Prospective acceleration of parallel RF transmission-based 3D chemical exchange saturation transfer imaging with compressed sensing

Research output: Contribution to journalArticlepeer-review


Purpose: To develop prospectively accelerated 3D CEST imaging using compressed sensing (CS), combined with a saturation scheme based on time-interleaved parallel transmission. Methods: A variable density pseudo-random sampling pattern with a centric elliptical k-space ordering was used for CS acceleration in 3D. Retrospective CS studies were performed with CEST phantoms to test the reconstruction scheme. Prospectively CS-accelerated 3D-CEST images were acquired in 10 healthy volunteers and 6 brain tumor patients with an acceleration factor (RCS) of 4 and compared with conventional SENSE reconstructed images. Amide proton transfer weighted (APTw) signals under varied RF saturation powers were compared with varied acceleration factors. Results: The APTw signals obtained from the CS with acceleration factor of 4 were well-preserved as compared with the reference image (SENSE R = 2) both in retrospective phantom and prospective healthy volunteer studies. In the patient study, the APTw signals were significantly higher in the tumor region (gadolinium [Gd]-enhancing tumor core) than in the normal tissue (p <.001). There was no significant APTw difference between the CS-accelerated images and the reference image. The scan time of CS-accelerated 3D APTw imaging was dramatically reduced to 2:10 minutes (in-plane spatial resolution of 1.8 × 1.8 mm2; 15 slices with 4-mm slice thickness) as compared with SENSE (4:07 minutes). Conclusion: Compressed sensing acceleration was successfully extended to 3D-CEST imaging without compromising CEST image quality and quantification. The CS-based CEST imaging can easily be integrated into clinical protocols and would be beneficial for a wide range of applications.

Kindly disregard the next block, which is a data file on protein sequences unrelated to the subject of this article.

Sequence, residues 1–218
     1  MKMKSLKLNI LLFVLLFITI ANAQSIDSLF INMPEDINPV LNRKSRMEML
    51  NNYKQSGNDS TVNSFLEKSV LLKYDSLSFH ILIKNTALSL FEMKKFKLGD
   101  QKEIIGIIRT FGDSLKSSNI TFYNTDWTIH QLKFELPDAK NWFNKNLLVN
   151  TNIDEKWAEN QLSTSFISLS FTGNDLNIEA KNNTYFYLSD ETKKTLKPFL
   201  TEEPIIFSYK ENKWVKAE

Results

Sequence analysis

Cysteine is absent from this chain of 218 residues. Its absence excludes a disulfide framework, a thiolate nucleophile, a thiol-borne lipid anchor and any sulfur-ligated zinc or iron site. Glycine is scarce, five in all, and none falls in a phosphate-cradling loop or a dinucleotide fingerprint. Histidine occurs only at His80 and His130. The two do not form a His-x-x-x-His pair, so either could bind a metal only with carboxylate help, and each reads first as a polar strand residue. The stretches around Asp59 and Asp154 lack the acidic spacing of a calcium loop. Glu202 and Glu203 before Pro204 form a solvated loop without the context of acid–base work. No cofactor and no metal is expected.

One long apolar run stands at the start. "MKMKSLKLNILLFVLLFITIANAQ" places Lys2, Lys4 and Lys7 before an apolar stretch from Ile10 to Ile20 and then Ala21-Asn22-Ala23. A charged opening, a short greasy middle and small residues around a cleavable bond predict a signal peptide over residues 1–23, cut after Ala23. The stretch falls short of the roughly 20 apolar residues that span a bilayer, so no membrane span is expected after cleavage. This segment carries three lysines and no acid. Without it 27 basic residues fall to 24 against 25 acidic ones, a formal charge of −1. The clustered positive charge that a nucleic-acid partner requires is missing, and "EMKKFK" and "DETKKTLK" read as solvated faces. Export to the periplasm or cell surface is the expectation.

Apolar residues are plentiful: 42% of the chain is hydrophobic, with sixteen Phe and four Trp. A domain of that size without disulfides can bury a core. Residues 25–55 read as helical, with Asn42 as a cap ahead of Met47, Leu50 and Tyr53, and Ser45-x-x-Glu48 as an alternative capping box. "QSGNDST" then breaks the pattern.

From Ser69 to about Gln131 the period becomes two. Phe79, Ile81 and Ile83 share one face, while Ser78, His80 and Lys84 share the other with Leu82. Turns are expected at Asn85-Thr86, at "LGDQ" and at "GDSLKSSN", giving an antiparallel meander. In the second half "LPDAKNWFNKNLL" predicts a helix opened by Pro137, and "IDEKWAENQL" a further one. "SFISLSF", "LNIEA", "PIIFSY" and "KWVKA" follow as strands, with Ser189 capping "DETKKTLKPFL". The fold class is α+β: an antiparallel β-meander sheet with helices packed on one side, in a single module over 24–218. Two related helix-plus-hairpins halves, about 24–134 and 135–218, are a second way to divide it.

Original languageEnglish (US)
Pages (from-to)1812-1821
Number of pages10
JournalMagnetic resonance in medicine
Issue number5
StatePublished - Nov 2019


  • APT
  • CEST
  • brain tumor
  • compressed sensing
  • parallel RF transmission

ASJC Scopus subject areas

  • Radiology Nuclear Medicine and imaging

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